Also found in: Wikipedia.


n.1.See Astrofel.
References in classic literature ?
It was now, too, that Spenser wrote Astrophel, a sadly beautiful dirge for the death of his friend and fellow-poet, Sir Philip Sidney.
First of the important English sequences is the 'Astrophel and Stella' of Sir Philip Sidney, written about 1580, published in 1591.
Jay had written his Master's thesis on Astrophel and Stella, Sir Phillip Sydney's fifteenth-century sonnet sequence.
He has been also portrayed as an advanced disciple of Gabriel Harvey (1552-1631) in the dissemination of a Ramist programme for the arts of logic and rhetoric at Cambridge, as a follower of Harvey's and Spenser's precepts and experiments with quantitative verse, as a protege of the Sidney family, and as a first-hand connoisseur of pre-publication manuscripts of key works such as Spenser's The Faerie Queene or Sidney's Arcadia and Astrophel and Stella.
In the first piece in his cycle "Astrophel and Stella" (1591) the poet was directed by Muse: "Look in thy heart and write,"--her response to his troubled doubt how to write.
In his 1591 introduction to Philip Sidney's Astrophel and Stella, he mentions a recent English translation of Sextus's Outlines.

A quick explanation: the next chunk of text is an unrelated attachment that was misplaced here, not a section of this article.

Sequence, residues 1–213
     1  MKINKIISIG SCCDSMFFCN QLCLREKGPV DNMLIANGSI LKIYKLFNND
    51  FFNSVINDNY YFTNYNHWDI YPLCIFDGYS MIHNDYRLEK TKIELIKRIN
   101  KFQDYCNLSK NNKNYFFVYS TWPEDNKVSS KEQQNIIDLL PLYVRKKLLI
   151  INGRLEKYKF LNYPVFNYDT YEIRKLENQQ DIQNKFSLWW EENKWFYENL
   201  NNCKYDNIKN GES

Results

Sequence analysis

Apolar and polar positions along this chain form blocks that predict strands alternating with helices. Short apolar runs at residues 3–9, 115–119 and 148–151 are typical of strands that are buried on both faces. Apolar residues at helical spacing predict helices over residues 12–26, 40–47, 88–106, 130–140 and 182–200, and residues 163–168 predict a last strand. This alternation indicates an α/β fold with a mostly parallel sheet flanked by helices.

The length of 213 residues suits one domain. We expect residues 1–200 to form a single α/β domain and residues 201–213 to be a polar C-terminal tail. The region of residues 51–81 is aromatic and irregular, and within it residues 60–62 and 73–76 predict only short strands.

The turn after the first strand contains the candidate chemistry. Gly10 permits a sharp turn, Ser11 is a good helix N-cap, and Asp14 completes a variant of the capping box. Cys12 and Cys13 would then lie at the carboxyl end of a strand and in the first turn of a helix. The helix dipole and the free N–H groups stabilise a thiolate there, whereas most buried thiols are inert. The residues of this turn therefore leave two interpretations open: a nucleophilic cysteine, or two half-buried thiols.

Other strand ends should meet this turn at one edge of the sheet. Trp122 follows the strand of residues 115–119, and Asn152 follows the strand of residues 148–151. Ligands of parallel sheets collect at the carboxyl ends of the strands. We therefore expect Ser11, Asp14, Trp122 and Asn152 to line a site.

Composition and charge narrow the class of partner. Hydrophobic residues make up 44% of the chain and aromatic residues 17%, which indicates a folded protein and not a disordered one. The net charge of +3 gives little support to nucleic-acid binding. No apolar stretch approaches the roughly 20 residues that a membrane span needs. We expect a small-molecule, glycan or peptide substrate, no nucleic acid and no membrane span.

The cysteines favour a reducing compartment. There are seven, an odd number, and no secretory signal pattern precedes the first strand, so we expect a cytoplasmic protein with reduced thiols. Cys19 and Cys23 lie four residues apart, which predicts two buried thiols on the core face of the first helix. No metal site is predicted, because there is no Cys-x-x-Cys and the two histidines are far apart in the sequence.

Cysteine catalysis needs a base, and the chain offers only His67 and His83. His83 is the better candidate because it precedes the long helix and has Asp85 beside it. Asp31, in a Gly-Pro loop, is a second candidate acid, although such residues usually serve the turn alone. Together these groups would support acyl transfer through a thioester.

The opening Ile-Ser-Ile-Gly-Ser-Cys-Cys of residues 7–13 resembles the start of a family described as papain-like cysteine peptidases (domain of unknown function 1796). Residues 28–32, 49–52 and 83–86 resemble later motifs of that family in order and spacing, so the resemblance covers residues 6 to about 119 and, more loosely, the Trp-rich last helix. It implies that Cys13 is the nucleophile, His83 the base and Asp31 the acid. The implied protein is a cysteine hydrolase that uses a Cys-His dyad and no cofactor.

The essay is difficult to summarize; for it is densely argued with essential illustrations, such as Descartes's famous compass (from Geometrie) which is used to demonstrate the process of Sidney's first sonnet in Astrophel and Stella.
(11) Mary Sidney's brother Sir Philip participated in domestic theatrical activities, confirmed by Edmund Spenser's elegy for him, 'Astrophel', which recalls that 'he himselfe seemd made for meriment, / Merily masking both in bowre and hall'.
Wealthy gentlemen writers like Thomas Wyatt and Philip Sidney circulated their works in manuscript form: The first print edition of Sidney's Astrophel and Stella was pirated and published after Sidney's death.
And I keep remembering that advice in "Astrophel and Stella," one of Philip Sydney's sonnets: 'Fool' said my Muse to me.
In fact, if we take Shakespeare's reference to signal Marlowe's authorship of the poem, then we would need to take Nashe's lines from Summer's last will: "Well sung a Shepherd, that now sleeps in skies, 'Dumb swans do love, and not vain chattering pies'" (48) to signal Sidney's authorship of the same, since Nashe is here attributing a line from Astrophel and Stella to a dead shepherd.
Sean McDowell, in "Stealing or Being Stolen: A Distinction between Sacred and Profane Modes of Transgressive Desire in Early Modern England," uses sonnets from Sidney's Astrophel and Stella and Barnabe Barnes's Parthenophile and Parthenophe to illustrate the profane mode and certain poems of Richard Crashaw's Carmen Deo Nostro to represent the sacred.